The Myth Fueling Math Anxiety

... Emerging cognitive and neuroscience research finds that math anxiety is not just a response to poor math performance—in fact, 4 out of 5 students with math anxiety are average-to-high math performers. Rather, math anxiety is linked to higher activity in areas of the brain that relate to fear of failure before a math task, not during it. This fear takes up mental bandwidth during a math task—creating, for example, my feeling suddenly blank and unable to think. In turn, that discomfort tends to make those with math anxiety more reluctant to practice math, which then erodes confidence and skill. In part for that reason, anxiety has been linked to worse long-term performance in math than in other academic subjects like reading.

But unlike reading, seen as a joy and necessity for all children, math too often has been “feared and revered” as a frustrating, boring, mostly irrelevant subject for all but a few elite students with inborn talent.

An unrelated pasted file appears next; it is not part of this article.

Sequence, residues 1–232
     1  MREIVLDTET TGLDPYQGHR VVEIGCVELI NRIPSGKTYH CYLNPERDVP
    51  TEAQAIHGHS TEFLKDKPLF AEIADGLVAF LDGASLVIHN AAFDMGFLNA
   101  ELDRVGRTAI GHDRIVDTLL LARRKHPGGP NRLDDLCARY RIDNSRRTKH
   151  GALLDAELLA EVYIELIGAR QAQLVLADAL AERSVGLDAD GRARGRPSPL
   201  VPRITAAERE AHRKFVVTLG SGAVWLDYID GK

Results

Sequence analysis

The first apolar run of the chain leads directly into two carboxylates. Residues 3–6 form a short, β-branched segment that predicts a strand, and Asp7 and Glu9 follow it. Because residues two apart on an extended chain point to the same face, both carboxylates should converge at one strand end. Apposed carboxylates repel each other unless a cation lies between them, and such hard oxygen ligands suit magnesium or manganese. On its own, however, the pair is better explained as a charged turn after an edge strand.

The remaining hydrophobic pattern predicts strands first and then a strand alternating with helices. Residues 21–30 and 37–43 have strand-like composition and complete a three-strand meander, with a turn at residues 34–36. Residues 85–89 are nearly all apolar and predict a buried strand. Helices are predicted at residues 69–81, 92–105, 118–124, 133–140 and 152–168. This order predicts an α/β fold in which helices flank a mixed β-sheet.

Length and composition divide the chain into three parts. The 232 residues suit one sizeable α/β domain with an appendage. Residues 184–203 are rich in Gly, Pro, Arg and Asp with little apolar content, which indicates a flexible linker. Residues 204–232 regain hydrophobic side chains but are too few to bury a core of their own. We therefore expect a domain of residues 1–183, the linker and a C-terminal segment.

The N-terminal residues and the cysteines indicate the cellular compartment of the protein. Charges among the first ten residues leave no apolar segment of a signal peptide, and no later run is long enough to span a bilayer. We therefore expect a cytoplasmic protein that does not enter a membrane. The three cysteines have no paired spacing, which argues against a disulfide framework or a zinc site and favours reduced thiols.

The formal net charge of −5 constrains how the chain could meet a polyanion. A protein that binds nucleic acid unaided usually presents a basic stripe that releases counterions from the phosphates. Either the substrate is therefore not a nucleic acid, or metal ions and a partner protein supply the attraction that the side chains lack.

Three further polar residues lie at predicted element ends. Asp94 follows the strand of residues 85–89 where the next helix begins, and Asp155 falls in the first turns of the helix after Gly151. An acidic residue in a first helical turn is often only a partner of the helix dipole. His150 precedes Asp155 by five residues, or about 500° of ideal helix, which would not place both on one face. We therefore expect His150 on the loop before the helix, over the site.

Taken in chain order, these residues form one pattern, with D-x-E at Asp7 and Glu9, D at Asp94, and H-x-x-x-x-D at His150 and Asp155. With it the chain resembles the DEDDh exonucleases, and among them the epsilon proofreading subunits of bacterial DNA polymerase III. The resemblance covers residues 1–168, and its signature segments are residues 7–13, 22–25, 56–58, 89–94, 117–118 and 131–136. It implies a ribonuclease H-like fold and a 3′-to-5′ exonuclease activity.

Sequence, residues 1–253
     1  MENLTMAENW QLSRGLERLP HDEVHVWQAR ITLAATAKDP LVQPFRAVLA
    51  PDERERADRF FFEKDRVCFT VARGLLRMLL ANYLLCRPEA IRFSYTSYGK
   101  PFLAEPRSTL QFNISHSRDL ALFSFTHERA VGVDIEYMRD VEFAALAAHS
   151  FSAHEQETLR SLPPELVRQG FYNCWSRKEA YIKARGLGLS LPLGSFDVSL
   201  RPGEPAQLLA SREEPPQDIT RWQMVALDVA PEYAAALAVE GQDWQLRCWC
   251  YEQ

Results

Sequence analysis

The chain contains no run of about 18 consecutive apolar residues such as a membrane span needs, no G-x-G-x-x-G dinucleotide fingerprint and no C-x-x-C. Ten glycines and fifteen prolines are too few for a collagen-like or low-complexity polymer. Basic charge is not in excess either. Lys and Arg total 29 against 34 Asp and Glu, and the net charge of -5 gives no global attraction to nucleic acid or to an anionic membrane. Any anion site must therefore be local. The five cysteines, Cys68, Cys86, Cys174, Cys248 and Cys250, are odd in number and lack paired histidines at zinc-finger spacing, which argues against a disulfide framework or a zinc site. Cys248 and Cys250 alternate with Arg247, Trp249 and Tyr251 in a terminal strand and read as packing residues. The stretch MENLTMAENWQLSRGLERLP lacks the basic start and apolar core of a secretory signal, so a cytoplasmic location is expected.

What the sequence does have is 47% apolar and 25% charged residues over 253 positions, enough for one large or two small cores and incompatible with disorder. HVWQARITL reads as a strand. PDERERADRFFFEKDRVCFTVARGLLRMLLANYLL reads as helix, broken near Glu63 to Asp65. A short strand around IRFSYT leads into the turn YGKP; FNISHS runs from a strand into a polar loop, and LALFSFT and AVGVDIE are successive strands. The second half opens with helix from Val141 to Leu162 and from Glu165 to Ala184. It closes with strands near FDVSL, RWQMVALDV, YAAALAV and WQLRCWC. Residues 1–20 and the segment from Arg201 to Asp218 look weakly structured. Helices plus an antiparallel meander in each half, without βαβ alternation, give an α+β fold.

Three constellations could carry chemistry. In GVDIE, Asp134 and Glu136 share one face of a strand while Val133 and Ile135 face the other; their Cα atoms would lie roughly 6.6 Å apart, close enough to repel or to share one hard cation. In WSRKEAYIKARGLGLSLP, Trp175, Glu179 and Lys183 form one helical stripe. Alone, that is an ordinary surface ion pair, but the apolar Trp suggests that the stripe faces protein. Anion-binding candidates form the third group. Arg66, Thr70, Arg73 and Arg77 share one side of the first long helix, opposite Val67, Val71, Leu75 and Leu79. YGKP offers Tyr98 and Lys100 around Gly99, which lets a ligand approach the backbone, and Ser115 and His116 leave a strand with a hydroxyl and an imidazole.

Children aren’t born fearing math. Their anxiety tends to rise as they age, as they confront more challenging content and “exposure to other people’s negative attitudes to mathematics; to social stereotypes, for example about the general difficulty of mathematics or about supposed gender differences in mathematics,” according to one recent analysis.

... Regardless of whether a student starts out performing well or poorly in math, a fixed mindset leads students to fear that making a mistake or failing a test could “prove” they have no innate math ability. 

... 1 in 4 U.S. teachers often feel anxious doing math.

... There aren’t “math people” and “non-math people,” only those who work through the challenging lesson and those who surrender too soon. Helping children understand that math doesn’t define them, but can help them redefine their world, could be key to turning math anxiety into joy.

The entire article is accessible here

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